43      Finally, as regards the argument that the restriction of the DBI deduction leads, at the very least, to the same result as that of the imputation system provided for in the second indent of Article 4(1) of Directive 90/435, and that there is no indication that the system set out in the first indent had to lead to a more favourable result than that set out in the second indent, the Court pointed out, first, that the choice between the exemption system and the imputation system does not necessarily lead to the same result for the company receiving the dividends and, second, that a Member State which has opted, when transposing a directive, for one of the alternative systems provided for by that directive cannot rely on the effects or restrictions which might have arisen from the implementation of the other system (Cobelfret, paragraphs 48 and 50).

44      Consequently, having regard to the foregoing, the reply to the first question in Joined Cases C-439/07 and C-499/07 is that the first indent of Article 4(1) of Directive 90/435 must be interpreted as precluding legislation of a Member State which, for the purposes of the exemption of dividends received by a parent company established in that State from a subsidiary established in another Member State, requires such dividends to be included in the parent company’s basis of assessment, in order subsequently to be deducted in the amount of 95%, in so far as the parent company has, for the tax period in question, a positive profit balance after deduction of other exempted profits, and as a result of which:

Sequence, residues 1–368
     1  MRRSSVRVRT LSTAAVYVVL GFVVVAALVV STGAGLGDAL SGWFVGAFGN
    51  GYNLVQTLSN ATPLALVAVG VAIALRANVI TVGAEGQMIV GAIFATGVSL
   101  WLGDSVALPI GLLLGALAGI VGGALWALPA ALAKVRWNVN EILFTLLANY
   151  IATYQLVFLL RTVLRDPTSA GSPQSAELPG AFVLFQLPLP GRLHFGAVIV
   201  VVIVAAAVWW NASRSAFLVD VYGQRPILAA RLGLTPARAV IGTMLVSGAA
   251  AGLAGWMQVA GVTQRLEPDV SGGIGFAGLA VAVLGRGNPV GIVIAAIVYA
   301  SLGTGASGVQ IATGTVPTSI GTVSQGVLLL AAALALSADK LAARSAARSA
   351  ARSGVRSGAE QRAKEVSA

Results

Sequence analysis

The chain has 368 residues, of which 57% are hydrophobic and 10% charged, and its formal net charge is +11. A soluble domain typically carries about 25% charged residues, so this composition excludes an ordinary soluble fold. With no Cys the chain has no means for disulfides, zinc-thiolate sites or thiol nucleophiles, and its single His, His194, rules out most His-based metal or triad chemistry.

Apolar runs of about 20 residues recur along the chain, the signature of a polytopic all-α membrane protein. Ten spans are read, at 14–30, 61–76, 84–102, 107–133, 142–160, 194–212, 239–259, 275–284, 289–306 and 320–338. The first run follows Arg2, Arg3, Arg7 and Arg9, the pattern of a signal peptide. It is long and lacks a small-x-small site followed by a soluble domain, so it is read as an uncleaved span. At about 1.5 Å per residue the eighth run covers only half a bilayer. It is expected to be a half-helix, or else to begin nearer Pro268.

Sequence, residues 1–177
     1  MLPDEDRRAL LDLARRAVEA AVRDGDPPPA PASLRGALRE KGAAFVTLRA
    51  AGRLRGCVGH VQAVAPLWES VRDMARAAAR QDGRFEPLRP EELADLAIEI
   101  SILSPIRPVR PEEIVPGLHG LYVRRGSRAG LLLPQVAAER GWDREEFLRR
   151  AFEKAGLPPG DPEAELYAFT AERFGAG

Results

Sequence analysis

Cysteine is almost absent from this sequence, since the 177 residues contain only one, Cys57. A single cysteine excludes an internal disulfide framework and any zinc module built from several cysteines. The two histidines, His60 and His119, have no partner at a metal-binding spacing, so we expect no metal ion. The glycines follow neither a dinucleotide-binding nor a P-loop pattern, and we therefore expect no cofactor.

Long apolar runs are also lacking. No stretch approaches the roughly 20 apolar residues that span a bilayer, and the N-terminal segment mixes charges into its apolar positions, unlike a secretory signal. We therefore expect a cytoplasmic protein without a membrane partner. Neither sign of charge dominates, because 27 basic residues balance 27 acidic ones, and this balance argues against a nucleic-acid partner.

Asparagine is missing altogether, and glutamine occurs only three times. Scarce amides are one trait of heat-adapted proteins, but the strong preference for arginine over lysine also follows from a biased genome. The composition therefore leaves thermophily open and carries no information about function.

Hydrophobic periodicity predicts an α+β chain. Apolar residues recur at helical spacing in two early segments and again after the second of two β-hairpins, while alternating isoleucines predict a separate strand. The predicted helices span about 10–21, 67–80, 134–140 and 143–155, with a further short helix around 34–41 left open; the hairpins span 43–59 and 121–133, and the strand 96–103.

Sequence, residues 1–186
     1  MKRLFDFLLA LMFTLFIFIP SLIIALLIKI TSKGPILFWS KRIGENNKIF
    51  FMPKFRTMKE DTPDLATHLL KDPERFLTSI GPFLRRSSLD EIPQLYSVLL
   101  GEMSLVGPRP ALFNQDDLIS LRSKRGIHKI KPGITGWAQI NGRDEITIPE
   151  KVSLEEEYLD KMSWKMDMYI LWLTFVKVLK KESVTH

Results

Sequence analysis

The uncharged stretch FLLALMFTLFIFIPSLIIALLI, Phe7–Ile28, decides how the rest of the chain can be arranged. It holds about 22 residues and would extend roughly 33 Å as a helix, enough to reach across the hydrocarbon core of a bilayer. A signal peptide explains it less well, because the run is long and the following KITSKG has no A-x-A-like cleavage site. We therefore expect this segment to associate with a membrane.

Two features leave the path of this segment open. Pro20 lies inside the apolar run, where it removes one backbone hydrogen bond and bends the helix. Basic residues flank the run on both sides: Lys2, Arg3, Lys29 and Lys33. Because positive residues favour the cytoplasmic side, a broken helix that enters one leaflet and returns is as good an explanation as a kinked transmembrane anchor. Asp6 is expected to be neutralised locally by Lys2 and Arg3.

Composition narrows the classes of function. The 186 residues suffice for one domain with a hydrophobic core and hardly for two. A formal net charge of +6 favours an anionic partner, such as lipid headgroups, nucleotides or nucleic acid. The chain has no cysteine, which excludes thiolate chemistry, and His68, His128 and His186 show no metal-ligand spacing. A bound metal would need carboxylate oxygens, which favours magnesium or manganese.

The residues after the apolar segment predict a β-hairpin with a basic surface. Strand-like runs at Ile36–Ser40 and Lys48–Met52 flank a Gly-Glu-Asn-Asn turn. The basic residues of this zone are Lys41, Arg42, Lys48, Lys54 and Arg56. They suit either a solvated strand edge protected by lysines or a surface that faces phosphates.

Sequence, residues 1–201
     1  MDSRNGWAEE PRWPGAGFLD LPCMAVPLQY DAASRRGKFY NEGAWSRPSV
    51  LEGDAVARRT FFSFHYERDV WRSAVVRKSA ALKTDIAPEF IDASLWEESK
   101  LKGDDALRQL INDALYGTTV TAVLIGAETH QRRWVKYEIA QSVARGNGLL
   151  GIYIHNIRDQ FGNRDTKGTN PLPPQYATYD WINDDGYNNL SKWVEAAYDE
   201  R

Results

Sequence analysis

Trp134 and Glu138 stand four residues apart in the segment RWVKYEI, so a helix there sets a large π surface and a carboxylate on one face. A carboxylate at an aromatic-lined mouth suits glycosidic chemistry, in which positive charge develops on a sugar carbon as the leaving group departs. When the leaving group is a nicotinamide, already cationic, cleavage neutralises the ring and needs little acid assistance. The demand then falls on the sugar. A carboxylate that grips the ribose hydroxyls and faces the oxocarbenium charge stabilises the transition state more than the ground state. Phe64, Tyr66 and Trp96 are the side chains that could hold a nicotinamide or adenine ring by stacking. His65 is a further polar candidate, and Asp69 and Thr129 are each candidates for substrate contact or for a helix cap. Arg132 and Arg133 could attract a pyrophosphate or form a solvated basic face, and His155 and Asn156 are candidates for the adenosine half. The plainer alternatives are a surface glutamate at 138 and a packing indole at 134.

–        if the parent company had no or insufficient taxable profits during the taxable period in which those distributions were made, it is to be taxed in respect of a later taxable period on the distributed profits received,

or

–        the losses of that taxable period are to be offset against distributed profits and cannot be carried forward, up to the amount of those distributions, to a subsequent taxable period.

 The second question in Case C-499/07

45      By its second question in Case C-499/07, the referring court asks, in essence, whether the first indent of Article 4(1) of Directive 90/435 is to be interpreted as meaning that a Member State must necessarily permit profits distributed to a parent company established in that State by its subsidiary established in another Member State to be deducted in full from the parent company’s profits in the taxable period and any resulting loss to be carried forward to a later taxable period.

46      It must be observed that it is for each Member State to organise, in compliance with Community law, its system for taxing distributed profits and to define, for that purpose, the tax base and rate applicable to the recipient shareholder (see, to that effect, Case C‑374/04 Test Claimants in Class IV of the ACT Group Litigation [2006] ECR I‑11673, paragraph 50; Case C‑446/04 Test Claimants in the FII Group Litigation [2006] ECR I‑11753, paragraph 47; and Case C-194/06 Orange European Smallcap Fund [2008] ECR I‑3747, paragraph 30).